have also said in his report that while a district administration has the right to launch drives to demolish illegal structures, decisions to raze religious places, which were centuries old, should be taken after due deliberations keeping in mind the sentiments of the people.

The subsequent firing by police to contain the mob violence following the demolition could also have been avoided, the minister is understood to have said.<!--QuoteEnd--><!--QuoteEEnd-->
So you see guys, if you get violent then people will start respecting your sentiments, however ridiculous these sentiments may be.

Riots In India - Bharatvarsh - 05-06-2006

<!--QuoteBegin-->QUOTE<!--QuoteEBegin-->Army sent to Panigate after clashes

Saturday, May 06, 2006  04:05 IST

VADODARA: The army was sent to curfew-bound Panigate after violence broke out between two communities near the Ajawadi Mills late on Friday night.

Police said mobs belonging to the two communities indulged in stone pelting, violating curfew that was reimposed in the area from 5.30 pm, after a three-hour curfew relaxation for women and children.
Police resorted to lathicharge and lobbed three teargas shells to disperse the mob. No one was reported injured in the incident.
Jawans patrolling in the neighbouring area immediately went to the troubled spot and conducted a flag march.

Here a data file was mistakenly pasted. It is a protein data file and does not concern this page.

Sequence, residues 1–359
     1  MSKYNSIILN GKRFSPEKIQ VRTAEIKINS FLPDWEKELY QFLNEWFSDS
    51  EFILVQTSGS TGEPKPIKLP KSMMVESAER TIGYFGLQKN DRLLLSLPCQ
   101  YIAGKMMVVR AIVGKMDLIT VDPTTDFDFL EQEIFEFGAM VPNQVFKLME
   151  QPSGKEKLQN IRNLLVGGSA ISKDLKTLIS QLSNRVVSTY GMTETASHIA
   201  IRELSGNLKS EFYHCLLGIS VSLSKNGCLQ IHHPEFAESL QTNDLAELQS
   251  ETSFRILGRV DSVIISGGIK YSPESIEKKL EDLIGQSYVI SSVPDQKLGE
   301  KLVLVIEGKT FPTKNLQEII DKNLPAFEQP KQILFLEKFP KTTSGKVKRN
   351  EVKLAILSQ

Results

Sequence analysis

It was the first incident of violence in 48 hours of the army deployment in the city.
Earlier in the day, a place of worship was attacked and damaged by miscreants, leading to tension in Akota, which is out of the purview of the curfew.

Considering the improved law and order situation, the authorities in the evening had decided to withdraw the army from Raopura and Karelibaug and continue to keep them in four other curfew-bound areas of Navapura, City, Wadi and Panigate till the situation becomes normal.

Police said a combing operation had begun in the area.<!--QuoteEnd--><!--QuoteEEnd-->
I am pretty sure that this place of worship was a Mandir because if it was a Mosque it would have mentioned it and the damage caused and also inflate the age of the mosque to a few hundred years to make us look like fanatics.

Look at how the age of the dargah keeps on increasing by a hundred years with each passing day, see these news reports:

<!--QuoteBegin-->QUOTE<!--QuoteEBegin-->“He said no-one knows exactly how old the dargah is but 'it has been here for many decades'.”

“100-year-old dargah”:

“200-year-old dargah”

“more than 200-year-old dargah”

"300-year-old structure"<!--QuoteEnd--><!--QuoteEEnd-->
Soon, if you read that it was there for over a 1000 years don't be surprised.

Riots In India - Bharatvarsh - 05-06-2006

I am going to post the whole articles since they might not be archived and might come in handy later.